Pension Board may be added to lawsuit

By Mike Steely

Senior Writer

Chancery Judge John Weaver quizzed attorney John Owings Thursday morning about the Knox County Retirement and Pension Board entering the lawsuit between Knox County Citizens and Knox County. The suit, which doesn’t include the pension board as a party, is being delayed for 30 days.

Judge Weaver said that Owings should have included a “pleading” as to why the board should be allowed to take part.  John Valliant, the outside attorney hired to defend the county mayor and commission, said he had no objection to the pension board being included.

“The real party should be the pension board, they need to be a party,”

Tom McFarland, representing the citizens’ class action suit, said he was ready to go ahead with the case but Weaver asked him what party would be responsible for penalties if the class action suit prevails. McFarland replied it would be the county but Weaver indicated that the liable party would be the pension board.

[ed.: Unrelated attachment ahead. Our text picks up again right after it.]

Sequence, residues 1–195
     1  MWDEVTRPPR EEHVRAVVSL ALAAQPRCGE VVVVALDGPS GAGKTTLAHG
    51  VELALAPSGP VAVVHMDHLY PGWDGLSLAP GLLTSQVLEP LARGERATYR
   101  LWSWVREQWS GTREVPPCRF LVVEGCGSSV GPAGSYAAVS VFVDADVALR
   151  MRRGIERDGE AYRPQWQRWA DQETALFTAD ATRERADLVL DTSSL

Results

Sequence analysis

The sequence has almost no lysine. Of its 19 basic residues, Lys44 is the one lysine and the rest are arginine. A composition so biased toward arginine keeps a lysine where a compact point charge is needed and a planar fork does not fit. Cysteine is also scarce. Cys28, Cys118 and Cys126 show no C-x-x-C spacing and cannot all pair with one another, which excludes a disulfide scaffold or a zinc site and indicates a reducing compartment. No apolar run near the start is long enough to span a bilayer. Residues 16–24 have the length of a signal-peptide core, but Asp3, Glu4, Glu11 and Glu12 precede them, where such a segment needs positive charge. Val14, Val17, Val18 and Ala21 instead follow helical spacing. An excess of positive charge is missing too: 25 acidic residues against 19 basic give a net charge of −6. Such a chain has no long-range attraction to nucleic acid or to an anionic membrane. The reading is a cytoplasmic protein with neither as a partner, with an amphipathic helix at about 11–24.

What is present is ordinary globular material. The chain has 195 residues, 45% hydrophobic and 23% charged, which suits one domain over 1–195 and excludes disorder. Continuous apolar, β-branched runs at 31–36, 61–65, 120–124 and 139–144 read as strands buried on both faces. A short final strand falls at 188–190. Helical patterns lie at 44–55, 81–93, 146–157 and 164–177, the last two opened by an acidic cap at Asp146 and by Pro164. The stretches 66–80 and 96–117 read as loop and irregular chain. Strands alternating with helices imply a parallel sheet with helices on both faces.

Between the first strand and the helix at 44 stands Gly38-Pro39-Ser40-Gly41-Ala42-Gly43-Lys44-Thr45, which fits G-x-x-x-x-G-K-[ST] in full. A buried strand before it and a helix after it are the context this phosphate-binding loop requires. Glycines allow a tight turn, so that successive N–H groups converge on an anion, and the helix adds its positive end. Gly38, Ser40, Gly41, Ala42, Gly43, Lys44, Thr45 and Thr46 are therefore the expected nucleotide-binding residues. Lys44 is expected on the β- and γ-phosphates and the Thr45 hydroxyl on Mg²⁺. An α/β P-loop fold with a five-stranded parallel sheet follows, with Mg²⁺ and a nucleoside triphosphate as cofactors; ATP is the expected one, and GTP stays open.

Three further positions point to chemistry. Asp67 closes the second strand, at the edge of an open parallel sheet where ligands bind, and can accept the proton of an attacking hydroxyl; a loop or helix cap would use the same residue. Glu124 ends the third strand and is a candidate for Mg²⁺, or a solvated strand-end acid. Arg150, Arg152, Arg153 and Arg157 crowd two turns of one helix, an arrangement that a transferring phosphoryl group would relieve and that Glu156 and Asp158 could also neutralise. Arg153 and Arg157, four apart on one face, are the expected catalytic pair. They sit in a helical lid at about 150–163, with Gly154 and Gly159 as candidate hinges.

Owings was told to complete a pleading and return it to the court before the next hearing.

McFarland told the court that the county charter clearly states that the pension board has no authority to up retiree pay.

Weaver asked McFarland if the citizens won the suit who would enforce it, adding that, as the pension board writes the retirement, does the calculations, writes checks, and administers the pensions, the board must be part of the case.

“I can’t do a suit if I don’t have two sides,” the judge said, adding, “If you leave the pension board out I don’t know how to enforce it” referring to a possible victory for the citizens.

“What do you intend to do in this case Mr. Owings?” Weaver asked. “I don’t have a clue and I don’t have the plea.”

Weaver then said he could not enforce an order without the pension board being involved. He gave Owings 30 days to respond to the paperwork request.

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